COVID-19 vaccines, countering anti-science messaging and the ‘unknowns’. The experts look ahead at Australia’s coronavirus response

Before 2020, even Mary-Louise McLaws’s closest friends didn’t understand what she did for a living.

Just “going off around the world to do stuff” was how they described her regular jaunts around the world, speaking at conferences as an outbreak control epidemiologist and World Health Organization advisor.

But this year, that all changed.

In 2020, epidemiology became an Australian lounge room hobby. Reading COVID case data trends was a daily event.

And because of this our scientists — perhaps for the first time ever — were given more prominence than sports stars or celebrities.

In 2020, science had the spotlight.

“I had people on my street who’ve known me for 20 years say ‘I saw you on the TV — so that’s actually what you do’?,” Professor McLaws told the ABC.

A woman in a black shirt with a blue wall as background
Mary-Louise Mclaws said COVID had shown the “collective wisdom and kindness” of the Australian population.(ABC News: Brendan Esposito)

“Before 2020, if we spoke about a topic like mathematical modelling and outbreak control their eyes might have glazed over.

“But now, of course, they’re interested.

“But I think, for me, the most heartening thing has been that the Australian public has listened — and they’ve responded.”

In hundreds of zoom interviews with media in Australia and across the world, Professor McLaws has become a common sight for anyone keeping watch on COVID-19.

With her thick black-rimmed glasses and blue wall background in her home office — what she describes as a “happy colour” — the epidemiologist has helped guide government decisions and informed millions of Australians.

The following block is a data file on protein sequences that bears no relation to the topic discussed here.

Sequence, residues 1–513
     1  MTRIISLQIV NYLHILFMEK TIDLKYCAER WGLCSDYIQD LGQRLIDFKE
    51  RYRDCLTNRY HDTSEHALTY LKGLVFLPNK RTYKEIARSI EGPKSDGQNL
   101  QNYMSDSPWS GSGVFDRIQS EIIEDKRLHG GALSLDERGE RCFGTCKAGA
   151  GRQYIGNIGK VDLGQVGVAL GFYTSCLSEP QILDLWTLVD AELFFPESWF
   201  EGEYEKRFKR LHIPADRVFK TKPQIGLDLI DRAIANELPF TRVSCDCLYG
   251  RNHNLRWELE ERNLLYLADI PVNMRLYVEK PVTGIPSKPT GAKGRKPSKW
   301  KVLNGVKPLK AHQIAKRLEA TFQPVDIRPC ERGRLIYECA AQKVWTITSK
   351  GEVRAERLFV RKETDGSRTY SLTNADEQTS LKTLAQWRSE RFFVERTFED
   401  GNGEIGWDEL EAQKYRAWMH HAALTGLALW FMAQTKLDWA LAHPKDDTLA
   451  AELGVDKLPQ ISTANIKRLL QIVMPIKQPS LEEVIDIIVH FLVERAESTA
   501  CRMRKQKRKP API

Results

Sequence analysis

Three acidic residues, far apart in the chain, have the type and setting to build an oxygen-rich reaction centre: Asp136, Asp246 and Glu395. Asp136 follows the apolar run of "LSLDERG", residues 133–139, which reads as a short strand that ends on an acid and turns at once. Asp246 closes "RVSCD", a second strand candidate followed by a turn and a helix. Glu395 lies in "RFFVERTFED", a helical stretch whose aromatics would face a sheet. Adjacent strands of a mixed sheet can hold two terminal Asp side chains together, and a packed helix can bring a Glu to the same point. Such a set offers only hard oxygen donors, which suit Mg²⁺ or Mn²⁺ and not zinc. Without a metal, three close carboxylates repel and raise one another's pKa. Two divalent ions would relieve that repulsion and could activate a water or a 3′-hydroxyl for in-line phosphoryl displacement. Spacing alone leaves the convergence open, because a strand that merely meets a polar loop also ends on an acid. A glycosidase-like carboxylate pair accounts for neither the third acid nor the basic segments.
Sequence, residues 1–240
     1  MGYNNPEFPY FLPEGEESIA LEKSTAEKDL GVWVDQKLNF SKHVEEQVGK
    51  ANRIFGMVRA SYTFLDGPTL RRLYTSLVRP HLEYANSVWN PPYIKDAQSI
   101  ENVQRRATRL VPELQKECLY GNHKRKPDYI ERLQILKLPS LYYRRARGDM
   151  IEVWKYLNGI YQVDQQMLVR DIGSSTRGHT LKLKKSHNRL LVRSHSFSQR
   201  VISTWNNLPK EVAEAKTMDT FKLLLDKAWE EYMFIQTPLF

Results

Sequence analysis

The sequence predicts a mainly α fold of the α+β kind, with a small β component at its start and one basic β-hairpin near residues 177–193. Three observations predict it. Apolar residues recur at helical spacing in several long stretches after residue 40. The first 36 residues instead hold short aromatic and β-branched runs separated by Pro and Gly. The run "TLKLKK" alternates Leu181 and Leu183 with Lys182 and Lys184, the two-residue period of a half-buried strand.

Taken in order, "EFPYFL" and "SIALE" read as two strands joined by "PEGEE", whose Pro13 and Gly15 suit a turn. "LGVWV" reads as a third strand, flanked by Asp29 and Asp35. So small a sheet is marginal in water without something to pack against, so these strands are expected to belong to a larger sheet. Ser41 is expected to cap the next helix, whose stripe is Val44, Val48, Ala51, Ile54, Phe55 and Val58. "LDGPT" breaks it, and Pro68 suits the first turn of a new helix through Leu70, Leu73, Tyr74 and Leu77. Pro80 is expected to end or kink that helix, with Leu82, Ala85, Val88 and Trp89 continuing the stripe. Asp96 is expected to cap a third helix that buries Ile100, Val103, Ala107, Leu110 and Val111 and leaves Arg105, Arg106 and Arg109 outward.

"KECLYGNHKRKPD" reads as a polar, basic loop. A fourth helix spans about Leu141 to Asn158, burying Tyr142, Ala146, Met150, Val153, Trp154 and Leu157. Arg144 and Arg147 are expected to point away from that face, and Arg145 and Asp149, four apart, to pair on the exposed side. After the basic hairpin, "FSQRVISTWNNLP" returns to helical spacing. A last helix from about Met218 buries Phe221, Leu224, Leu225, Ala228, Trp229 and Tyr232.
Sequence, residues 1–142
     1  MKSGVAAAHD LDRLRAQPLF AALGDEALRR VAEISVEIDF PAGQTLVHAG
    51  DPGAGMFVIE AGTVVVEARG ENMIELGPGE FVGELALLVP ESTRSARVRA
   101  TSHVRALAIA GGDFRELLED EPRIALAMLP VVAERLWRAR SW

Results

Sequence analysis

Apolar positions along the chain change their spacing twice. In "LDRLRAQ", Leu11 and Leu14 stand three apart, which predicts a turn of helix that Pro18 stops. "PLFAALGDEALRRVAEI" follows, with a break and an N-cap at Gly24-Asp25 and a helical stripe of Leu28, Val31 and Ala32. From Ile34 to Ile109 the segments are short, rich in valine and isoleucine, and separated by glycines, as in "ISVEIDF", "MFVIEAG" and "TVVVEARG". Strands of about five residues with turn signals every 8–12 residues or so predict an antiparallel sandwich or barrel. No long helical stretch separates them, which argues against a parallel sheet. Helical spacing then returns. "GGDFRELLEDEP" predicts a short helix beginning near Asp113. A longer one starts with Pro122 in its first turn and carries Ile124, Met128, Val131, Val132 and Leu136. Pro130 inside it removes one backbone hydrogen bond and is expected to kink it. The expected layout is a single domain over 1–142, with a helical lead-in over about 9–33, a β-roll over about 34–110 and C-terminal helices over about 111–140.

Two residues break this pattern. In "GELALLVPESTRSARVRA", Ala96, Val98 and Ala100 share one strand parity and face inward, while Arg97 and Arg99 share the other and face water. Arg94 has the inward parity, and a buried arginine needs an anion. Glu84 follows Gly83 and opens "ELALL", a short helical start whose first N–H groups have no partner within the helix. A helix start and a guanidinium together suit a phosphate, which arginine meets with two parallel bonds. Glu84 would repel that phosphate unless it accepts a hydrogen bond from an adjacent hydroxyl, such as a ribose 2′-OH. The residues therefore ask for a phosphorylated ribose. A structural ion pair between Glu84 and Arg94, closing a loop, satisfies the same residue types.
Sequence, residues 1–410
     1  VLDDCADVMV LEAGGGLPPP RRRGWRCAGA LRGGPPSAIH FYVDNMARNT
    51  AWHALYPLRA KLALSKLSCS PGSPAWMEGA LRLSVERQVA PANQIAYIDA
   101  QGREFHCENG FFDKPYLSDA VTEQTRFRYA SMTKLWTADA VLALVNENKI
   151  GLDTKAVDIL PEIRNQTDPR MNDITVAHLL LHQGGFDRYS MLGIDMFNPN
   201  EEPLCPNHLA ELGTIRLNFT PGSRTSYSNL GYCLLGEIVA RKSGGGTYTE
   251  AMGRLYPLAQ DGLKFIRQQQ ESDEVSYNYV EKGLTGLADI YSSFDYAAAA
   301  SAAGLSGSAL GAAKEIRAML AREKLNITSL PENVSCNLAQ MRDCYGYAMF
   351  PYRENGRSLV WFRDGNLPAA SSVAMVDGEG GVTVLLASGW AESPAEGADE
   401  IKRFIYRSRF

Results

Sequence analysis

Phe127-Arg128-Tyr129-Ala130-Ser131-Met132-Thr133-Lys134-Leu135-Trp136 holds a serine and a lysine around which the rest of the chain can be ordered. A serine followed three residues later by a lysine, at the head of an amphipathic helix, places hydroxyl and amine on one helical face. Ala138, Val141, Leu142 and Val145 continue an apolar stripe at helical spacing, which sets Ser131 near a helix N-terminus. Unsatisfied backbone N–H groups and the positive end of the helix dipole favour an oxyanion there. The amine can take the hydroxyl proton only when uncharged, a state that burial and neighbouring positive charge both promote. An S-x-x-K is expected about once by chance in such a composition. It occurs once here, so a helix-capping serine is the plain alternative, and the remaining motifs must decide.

This advice has come to the fore again as Australia anxiously monitors the Sydney’s Northern Beaches’ COVID-19 breakout.

A woman looking
Professor McLaws said she had “no idea” how many interviews she’d done.(ABC News:)

And although she won’t admit it herself, she — and hundreds of her colleagues — have saved many lives.

“I just try to look at the facts,” she said.

“Early on, it was pure outbreak management, this is what you do — don’t confuse the equation with the economy.

“And you just have to look at places like Sweden, or the UK, US [to see] this, in Australia it has been a team effort.

“We’ve been lucky, sure, but I think where we’re at shows how in Australia the population thinks of ‘we’ and not ‘me’ — the collective good.”

Professor McLaws is one of the more public faces of Australia’s scientific community.

But there are many like her, perhaps not as well-known, working behind the scenes.

Sharon Lewin knows this all too well.

Sharon Lewin
Professor Lewin said there were still many unknowns in the fight against COVID.(ABC News: Billy Draper)

As the inaugural director of Melbourne’s Doherty Institute for Infection and Immunity, Professor Lewin oversees about 700 researchers and staff.

She said half of them dropped everything and swung on to coronavirus in late January when they realised “this is serious”.

“We had daily meetings for five months,” she said.

“We have the diagnostic [testing] labs, people on genetic sequencing, others fingerprinting the virus, and those developing the tests — they’re all working on it.

“Across the country, most research institutes have been like that.”

A woman with pictures behind her looking into the distance
Professor Lewin said all it took was “one case”, as was seen in Sydney.(ABC News: Billy Draper)

Professor Lewin, a world leader in infectious diseases, said she’d been left “ecstatic” by the public’s willingness to turn to science during 2020, and attributed it to Australia’s strong position.

But, like all her colleagues who spoke to the ABC, she emphasised that the COVID war was far from over.

She said all it took was “one case”, as the outbreak in Sydney highlighted.

“I think one of the things we’re used to in science is dealing with the unknown,” she said.

“But that uncertainty is very difficult for the public to digest, particularly when you ask them to do things that they don’t want to do.